For example, soon we'll be doing our annual re-grouting of our showers in both locker rooms, and then we'll be shutting down our cardio area for a couple of days when we move some old equipment out and bring new equipment in. In both cases, the inconvenience to the members will be a necessary evil, and the long-term benefits will far outweigh the inconvenience. To keep complaints down, we'll do what we've always done. We'll provide plenty of notice. We'll post signs and send out emails, text alerts, Facebook posts and tweets so that everyone knows about the projects. We'll prepare our staff with knowledge of what we're doing, when and why, and we'll make sure they have responses for the inevitable questions and complaints. On the positive side, the newly grouted showers will surely yield some compliments, and the new cardio equipment will get lots of people excited and happy.

    But either way, we won't care as much as we used to about feedback from the members. We're doing the right things, for the right reasons and at the right time. We just won't care what the members have to say. If they're happy, that's great. If they're angry, that's fine, too. We're going to get these projects done and we're going to move on, continuing to run the business as best we can and with the best intentions.

  • Five Questions to Ask When Purchasing Fitness Equipment

    by Rob Bishop and Barry Klein June 2012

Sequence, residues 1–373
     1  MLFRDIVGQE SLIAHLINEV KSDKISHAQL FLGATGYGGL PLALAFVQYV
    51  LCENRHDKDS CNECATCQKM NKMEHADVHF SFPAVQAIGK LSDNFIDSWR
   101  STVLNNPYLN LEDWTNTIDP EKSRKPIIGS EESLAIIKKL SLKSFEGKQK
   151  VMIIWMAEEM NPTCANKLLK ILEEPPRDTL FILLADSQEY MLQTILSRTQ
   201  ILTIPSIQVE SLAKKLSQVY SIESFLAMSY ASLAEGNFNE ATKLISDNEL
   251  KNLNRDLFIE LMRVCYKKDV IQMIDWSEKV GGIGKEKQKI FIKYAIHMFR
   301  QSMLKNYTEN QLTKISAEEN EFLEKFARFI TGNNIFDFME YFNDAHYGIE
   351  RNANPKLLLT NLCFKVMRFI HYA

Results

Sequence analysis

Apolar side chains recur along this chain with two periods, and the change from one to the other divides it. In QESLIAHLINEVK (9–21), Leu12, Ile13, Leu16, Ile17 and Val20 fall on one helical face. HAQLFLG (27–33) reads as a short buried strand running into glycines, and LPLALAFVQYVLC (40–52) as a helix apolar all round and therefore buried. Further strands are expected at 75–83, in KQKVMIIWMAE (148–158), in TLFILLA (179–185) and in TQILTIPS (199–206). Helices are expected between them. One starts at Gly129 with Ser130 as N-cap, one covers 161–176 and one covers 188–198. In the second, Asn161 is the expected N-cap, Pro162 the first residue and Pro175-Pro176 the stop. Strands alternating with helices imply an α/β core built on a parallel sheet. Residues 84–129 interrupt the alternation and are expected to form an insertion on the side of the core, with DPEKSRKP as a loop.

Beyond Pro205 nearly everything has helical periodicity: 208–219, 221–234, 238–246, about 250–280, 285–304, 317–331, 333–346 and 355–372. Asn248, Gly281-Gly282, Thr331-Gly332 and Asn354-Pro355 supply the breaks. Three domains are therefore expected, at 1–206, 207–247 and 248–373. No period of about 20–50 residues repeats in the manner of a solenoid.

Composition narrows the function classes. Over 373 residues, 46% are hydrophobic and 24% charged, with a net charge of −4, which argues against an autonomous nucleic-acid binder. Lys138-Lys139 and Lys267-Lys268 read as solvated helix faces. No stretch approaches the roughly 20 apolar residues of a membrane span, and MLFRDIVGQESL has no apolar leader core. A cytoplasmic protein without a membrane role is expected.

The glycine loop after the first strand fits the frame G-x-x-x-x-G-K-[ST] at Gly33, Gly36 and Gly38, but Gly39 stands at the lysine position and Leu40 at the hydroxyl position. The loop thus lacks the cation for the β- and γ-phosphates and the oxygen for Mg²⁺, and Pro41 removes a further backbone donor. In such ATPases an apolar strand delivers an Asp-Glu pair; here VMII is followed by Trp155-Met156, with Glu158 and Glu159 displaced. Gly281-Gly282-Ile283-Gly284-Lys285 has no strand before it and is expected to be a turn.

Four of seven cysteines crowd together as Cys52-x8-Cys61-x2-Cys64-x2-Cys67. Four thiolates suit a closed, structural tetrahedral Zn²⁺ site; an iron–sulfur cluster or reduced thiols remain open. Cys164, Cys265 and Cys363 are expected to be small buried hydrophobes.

After years of trying out new fitness equipment, weighing the many options out there and regularly pulling the trigger on breathtakingly high-priced purchases, we feel like we have a handle on the process.

  • The Challenge Faced by Mid-Priced Clubs

    by Rob Bishop and Barry Klein May 2012

    So, let's say you operate a fitness facility that's about 15,000 square feet in size. You offer a little bit of everything — weights, cardio, personal training, classes of all kinds.

  • Properly Cleaning and Disinfecting Fitness Equipment

    by Emily Attwood February 2012

    A health club's top-of-the-line fitness equipment, complete with interactive workout monitoring and web access, can be a draw for new members.

  • Universal Truths in Fitness Facility Management

    by Rob Bishop and Barry Klein December 2011

    We may be showing our age here, but we regularly invoke Bill Murray from Groundhog Day, the 1993 film in which his hapless weatherman, Phil Connors, relives the same day over and over until he gets things right.

  • How to Succeed in Membership Sales

    by Rob Bishop and Barry Klein November 2011

    Your club is terrible at selling memberships. We know this because we're all terrible at selling memberships, and even if you think your club isn't, you are best served by thinking you are.